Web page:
Another fantastic insight into week three of the London Rare Books School (LRBS), Kelsey Champagne, Ph.D student in the History and Renaissance Studies department, examines European Bookbinding. 

“As a graduate student at the early stages of a PhD with no experience with the structure of books outside of what I have taught myself through my own archival research, I had no idea what to expect from a class quite ambitiously titled European Bookbindings: 1500-1800—whose content, I should add, proved no less ambitious than promised.  Among my classmates were fellow graduate students as well as rare books librarians, antiquarian book sellers, an apprentice bookbinder and a rare books conservator.  Our range of experience, needless to say, was vast.

By the end of the first session, however, we all discovered that none of us had any idea how complex, varied and under-appreciated the history of bookbinding truly is.  Over the course of the week, we found ourselves a riveted—and often bewildered—audience to Professor Pickwoad’s impressively expansive knowledge accrued from years of experience travelling the world to look at books in archives, libraries and book fairs, learning the trade first-hand himself and training as a historian and literary scholar of the Early Modern period.  Each of us learned an incredible amount about the construction of books, from the printing process to the general binding process, to innumerable variations, and much more.  For me, as a historian interested in the circulation and readership of books in post-Reformation Europe, by far the most exciting knowledge that I gained (or, I should say, have furiously written down as reference) is the characteristics of bindings particular to different regions and time periods in Western Europe.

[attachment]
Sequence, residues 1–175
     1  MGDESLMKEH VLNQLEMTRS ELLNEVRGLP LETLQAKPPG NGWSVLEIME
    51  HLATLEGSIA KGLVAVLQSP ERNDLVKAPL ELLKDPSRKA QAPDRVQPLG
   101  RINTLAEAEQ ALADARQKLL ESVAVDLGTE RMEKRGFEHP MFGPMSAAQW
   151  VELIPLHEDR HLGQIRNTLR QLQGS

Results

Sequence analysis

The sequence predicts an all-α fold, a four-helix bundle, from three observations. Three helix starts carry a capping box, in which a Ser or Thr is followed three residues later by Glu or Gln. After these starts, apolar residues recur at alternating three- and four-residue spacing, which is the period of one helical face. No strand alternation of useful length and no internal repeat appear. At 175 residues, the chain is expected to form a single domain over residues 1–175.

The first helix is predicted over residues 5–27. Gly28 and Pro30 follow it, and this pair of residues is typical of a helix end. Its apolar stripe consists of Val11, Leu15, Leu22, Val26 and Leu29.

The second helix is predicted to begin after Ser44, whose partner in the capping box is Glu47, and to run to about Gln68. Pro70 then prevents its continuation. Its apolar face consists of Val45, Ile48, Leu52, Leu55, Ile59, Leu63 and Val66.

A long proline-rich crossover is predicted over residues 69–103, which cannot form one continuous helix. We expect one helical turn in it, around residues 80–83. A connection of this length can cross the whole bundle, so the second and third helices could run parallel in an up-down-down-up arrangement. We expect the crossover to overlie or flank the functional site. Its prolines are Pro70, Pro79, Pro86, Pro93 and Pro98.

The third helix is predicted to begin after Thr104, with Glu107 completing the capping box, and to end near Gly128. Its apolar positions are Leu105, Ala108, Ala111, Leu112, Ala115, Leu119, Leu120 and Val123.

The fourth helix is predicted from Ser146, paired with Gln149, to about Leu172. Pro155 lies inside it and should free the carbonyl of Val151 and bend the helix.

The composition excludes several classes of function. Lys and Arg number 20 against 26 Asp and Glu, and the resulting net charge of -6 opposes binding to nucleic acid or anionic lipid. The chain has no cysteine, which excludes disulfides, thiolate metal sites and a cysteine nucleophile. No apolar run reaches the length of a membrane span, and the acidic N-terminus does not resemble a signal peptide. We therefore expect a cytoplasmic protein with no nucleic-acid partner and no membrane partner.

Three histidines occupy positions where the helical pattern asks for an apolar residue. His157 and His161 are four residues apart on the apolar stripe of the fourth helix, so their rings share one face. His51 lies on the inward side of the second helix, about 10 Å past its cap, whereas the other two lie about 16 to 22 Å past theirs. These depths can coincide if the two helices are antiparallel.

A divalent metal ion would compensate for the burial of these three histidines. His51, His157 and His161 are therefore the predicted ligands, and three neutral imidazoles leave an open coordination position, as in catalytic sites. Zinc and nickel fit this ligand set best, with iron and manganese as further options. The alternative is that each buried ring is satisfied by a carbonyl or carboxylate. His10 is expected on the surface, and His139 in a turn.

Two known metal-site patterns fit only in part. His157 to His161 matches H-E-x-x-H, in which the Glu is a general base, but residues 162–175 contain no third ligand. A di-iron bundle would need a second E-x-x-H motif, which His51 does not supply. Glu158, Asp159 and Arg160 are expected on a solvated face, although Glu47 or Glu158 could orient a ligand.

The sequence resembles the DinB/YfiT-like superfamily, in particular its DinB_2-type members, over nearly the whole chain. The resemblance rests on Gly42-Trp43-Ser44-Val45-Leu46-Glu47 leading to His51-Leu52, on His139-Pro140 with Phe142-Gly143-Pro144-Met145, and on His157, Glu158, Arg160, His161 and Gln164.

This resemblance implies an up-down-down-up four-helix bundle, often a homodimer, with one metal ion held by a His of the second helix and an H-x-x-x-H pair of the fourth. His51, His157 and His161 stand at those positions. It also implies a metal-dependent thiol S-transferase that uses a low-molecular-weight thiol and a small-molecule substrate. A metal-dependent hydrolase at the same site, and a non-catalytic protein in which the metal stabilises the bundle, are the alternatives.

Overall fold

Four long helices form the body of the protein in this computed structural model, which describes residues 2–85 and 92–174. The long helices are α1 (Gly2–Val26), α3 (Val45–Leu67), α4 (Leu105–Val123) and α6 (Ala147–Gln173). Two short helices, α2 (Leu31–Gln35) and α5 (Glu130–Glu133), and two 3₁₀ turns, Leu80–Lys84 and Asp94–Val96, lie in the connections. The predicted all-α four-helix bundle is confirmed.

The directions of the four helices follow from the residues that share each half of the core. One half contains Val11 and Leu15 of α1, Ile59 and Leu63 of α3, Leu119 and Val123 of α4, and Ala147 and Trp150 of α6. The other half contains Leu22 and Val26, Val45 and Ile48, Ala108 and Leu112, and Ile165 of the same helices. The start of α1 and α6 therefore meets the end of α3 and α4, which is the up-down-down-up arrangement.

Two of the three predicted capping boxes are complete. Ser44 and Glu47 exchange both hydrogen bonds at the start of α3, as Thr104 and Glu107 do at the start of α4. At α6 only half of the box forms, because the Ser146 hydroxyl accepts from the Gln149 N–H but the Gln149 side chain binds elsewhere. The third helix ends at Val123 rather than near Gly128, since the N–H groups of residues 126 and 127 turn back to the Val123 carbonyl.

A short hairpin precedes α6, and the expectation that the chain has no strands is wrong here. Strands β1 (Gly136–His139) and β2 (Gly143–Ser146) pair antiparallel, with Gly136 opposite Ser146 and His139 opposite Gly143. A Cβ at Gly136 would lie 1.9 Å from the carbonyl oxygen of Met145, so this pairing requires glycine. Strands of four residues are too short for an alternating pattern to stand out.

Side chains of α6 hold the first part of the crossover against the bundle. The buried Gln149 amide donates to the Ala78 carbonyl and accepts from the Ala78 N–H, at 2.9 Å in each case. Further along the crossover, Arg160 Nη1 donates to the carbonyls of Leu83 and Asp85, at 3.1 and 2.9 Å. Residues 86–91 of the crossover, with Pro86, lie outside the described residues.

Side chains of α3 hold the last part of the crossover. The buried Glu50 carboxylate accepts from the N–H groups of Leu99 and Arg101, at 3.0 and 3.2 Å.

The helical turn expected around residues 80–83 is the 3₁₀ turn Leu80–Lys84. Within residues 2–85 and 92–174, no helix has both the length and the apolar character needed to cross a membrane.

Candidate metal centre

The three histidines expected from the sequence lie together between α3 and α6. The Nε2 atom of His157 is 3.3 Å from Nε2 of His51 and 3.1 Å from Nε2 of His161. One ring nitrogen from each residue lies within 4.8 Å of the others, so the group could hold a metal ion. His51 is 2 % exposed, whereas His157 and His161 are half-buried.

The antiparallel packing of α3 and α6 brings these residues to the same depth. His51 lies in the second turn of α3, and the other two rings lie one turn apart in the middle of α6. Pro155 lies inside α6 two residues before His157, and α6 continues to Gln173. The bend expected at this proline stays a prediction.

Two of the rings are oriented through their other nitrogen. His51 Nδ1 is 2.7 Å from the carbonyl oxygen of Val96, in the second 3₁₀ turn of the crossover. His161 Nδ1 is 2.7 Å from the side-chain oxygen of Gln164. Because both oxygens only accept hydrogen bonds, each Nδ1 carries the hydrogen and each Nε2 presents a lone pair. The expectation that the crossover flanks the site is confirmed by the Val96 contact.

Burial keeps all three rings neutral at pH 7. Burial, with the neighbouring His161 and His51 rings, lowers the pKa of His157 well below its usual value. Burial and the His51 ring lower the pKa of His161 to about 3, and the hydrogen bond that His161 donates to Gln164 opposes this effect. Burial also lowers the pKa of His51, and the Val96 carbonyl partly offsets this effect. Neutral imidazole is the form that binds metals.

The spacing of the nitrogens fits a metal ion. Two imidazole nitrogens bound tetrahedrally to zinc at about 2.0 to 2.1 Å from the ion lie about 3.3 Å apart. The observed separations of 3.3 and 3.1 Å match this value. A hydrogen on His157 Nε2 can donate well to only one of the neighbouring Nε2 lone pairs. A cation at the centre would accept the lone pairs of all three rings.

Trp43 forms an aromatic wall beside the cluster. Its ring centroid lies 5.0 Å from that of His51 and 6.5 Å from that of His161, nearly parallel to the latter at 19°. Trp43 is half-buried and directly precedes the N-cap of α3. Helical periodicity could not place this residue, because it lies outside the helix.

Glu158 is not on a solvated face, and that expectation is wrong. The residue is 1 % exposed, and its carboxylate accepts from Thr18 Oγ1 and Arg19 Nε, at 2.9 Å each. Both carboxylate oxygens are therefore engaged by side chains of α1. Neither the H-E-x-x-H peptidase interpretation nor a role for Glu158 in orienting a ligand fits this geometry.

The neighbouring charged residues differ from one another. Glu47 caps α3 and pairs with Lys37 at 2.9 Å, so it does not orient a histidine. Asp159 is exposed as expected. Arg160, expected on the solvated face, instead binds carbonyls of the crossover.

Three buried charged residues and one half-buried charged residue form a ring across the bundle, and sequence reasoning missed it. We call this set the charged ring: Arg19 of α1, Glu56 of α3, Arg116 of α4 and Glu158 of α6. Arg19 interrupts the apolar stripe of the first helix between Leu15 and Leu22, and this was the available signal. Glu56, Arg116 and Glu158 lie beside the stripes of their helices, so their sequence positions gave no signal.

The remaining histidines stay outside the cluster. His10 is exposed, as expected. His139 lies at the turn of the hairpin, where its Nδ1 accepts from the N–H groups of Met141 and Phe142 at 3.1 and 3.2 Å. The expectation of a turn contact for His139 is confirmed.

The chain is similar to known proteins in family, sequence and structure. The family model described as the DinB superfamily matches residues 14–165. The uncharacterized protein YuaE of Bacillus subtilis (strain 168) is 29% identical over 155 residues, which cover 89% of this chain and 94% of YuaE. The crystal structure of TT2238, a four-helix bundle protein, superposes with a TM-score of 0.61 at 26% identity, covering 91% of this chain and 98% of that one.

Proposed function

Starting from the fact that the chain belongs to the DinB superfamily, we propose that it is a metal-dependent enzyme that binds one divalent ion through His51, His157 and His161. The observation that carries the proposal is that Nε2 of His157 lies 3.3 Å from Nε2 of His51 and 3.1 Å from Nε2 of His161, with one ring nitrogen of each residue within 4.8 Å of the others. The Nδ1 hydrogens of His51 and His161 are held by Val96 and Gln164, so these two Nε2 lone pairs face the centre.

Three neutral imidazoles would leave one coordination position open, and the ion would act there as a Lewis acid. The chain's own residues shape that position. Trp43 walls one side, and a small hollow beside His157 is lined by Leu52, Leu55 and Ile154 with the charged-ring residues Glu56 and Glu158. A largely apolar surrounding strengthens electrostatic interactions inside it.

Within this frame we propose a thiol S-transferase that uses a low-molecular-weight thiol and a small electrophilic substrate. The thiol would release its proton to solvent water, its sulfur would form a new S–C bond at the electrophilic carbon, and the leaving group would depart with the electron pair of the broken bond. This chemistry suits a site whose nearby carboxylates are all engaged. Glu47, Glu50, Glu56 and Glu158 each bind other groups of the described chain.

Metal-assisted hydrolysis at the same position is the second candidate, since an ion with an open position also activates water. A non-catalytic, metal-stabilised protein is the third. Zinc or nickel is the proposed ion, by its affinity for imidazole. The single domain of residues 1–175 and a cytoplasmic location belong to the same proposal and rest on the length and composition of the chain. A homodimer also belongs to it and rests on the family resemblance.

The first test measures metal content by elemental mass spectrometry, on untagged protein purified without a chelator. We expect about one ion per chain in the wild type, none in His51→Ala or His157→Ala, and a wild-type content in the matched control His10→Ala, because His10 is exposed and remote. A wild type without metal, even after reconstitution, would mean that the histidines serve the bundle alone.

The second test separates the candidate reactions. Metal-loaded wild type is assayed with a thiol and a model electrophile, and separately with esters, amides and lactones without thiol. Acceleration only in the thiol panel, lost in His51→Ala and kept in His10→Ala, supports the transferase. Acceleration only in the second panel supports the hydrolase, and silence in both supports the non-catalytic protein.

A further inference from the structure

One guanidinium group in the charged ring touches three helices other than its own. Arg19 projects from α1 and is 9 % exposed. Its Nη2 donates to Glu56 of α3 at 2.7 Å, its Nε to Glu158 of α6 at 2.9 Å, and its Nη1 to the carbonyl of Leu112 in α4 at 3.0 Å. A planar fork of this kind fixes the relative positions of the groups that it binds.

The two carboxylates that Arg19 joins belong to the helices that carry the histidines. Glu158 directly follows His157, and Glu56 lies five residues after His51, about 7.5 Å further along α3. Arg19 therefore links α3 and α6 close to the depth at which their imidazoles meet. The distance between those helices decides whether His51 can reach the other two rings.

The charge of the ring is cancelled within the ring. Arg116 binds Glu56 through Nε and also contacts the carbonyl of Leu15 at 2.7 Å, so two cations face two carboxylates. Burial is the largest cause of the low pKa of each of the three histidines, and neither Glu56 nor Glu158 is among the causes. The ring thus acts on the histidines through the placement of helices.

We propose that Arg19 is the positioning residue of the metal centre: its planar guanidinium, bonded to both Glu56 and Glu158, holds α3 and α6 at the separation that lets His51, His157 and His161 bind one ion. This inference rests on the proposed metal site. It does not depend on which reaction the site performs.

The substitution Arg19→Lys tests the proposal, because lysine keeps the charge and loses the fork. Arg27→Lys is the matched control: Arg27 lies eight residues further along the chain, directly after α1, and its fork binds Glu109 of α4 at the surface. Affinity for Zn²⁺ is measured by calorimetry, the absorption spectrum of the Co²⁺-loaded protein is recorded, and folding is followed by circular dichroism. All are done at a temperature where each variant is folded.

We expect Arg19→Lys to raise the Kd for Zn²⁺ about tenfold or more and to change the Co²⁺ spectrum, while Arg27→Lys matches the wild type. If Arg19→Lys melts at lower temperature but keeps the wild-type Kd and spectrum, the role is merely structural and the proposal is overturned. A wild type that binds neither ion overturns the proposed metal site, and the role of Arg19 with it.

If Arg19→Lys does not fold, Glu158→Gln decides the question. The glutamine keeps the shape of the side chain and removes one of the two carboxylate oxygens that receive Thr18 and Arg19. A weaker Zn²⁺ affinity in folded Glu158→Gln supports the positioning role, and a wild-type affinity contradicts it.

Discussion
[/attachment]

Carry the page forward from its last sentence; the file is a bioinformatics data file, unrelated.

I am very grateful to have learned to identify the materials with which books were bound as well as the animals from which leather skins came, and to have been given the skills to inspect a bound book and identify its elements that suggest its provenance, which often differs from the place of printing of the text it encases.  Beyond this, we had a thrilling week hopping around to three different libraries where we saw in the flesh of dozens of books the techniques we had discussed in class and seen in pictures on screen.  A whirlwind course with more information than anyone other than Nicholas could ever retain in five days, this was an immensely helpful course for each of our different students from so many different backgrounds, as well as a truly fun time indulging in our mutual love for rare books.”

We would like to thank Kelsey for her kind words on LRBS this year.